Mike Robbins, from Helios Design Lab (the guys behind NFB’s Highrise, OFFSHORE and 17,000 Islands) has participated to the UX Series by responding to Question 5: Rapid prototyping and testing: what to test for, and when, in i-doc production?
I asked Mike to tell me about the way they’ve been testing their projects and… interestingly enough… I learned that they have refined their methodologies through every single project they have done so far. Check what Mike has learned during five years of Highrise production, and through their latest project OFFSHORE!
Note that Mike will be coming to i-Docs 2014 and will present OFFSHORE with director Brenda Longfellow on Thursday 20th of March, in Bristol, UK. In another talk, Mike will also unveil how Helios Design Lab is addressing user experience and participatory design in the project they are currently working on: WOO (World Online Orchestra). Don’t miss your chance to meet Mike in person, and to be inspired by his contagious ideas: register for i-Docs now!
The other person that I interviewed is Isaac Pinnock, from Made by Many. This is a company that specializes in rapid prototyping and iterative testing. They have done projects for ITV, the Telegraph and Skype and Isaac has no doubt: any project should be tested at every single stage, and no more than 5 days of design should be done without testing. The trick is to test different things at each stage. To learn how to do it properly watch Isaac Pinnock in the UX Series.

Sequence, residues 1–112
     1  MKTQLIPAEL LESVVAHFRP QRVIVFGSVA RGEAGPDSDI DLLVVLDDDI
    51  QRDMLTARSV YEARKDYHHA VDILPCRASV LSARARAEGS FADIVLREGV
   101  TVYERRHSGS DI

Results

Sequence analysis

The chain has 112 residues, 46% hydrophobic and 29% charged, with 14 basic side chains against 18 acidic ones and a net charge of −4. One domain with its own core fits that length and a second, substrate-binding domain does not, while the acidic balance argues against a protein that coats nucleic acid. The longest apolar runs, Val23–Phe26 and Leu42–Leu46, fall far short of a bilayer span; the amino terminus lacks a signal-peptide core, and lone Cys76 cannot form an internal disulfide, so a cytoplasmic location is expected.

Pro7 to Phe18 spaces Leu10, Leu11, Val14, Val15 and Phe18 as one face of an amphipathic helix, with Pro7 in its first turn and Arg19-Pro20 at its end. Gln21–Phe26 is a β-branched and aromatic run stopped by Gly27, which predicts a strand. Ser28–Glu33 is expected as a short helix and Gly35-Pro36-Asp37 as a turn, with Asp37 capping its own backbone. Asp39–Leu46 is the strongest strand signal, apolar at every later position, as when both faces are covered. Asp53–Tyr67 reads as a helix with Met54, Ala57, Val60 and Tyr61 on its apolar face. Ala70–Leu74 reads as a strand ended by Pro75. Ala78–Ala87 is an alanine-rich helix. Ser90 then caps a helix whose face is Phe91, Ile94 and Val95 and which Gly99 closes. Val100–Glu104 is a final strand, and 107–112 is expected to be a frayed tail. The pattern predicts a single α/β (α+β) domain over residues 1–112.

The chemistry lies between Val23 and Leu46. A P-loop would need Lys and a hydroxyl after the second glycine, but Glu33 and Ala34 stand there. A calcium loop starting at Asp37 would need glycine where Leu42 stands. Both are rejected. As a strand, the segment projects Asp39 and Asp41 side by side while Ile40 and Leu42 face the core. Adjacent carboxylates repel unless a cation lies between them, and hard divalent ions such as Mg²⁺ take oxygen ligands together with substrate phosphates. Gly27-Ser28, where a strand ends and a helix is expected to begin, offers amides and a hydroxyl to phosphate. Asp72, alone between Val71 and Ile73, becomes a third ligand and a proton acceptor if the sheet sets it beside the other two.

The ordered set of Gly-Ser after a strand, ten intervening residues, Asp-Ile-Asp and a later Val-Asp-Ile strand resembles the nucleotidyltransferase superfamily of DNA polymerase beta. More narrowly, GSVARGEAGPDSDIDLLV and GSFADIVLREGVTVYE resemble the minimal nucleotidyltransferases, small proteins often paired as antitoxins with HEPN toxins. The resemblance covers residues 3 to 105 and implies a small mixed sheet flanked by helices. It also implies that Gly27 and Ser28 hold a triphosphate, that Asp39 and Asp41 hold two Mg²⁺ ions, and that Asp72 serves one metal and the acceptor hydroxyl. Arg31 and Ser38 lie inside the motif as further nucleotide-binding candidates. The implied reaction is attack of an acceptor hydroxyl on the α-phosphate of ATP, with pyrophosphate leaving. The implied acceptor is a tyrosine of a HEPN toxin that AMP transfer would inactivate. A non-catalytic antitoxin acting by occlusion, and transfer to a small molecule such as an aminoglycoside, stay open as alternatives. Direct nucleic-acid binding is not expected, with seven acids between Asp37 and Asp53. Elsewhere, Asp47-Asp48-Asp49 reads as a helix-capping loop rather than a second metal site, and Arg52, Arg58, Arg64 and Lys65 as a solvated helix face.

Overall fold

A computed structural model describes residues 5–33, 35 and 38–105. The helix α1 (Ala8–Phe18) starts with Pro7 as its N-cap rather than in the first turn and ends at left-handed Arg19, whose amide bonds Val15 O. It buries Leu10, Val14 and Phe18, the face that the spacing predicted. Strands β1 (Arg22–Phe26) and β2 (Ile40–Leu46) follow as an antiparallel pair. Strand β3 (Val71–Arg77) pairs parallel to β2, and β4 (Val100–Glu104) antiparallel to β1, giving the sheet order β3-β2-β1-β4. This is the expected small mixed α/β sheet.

In a Web world where everybody preaches agile design and iterative methodologies it is difficult to think that interactive narratives should be treated differently. And yet, from my experience mentoring projects, and when I speak to i-docs producers, I can see that testing is in the back of their minds but they often wait till the last minute to do it. The pattern normally goes like this: so much time goes into elaborating the idea that the interface and interactive storyboard (wire-frame) are rushed and often given to an external designer that was not involved in the initial concept. The author asks for a few design ideas and then selects the one s/he likes most. The coders are then asked to add the functionality. Bugs, technical issues, budget constraints then take most of the time and efforts of the team… and by the time there is a working prototype the project is near to launch. This is when there is a sudden panic attack and the team remembers testing. The assumption of the author here is that a narrative is more complex than a commercial website and therefore one has to wait for a working prototype before starting the testing. The consequence of this pattern is that what gets tested is only navigation and look and feel (do people understand what to click and what it looks like, rather than are they at all interested in the project, would they spend their time on it and what do they get out of it).
Issac Pinnock and Mike Robbins give us a chance to re-organize our production model in a different way. As Isaac says: “If you care about what people think of your project it will be always more effective, even for your own heart, to test it from the very beginning”.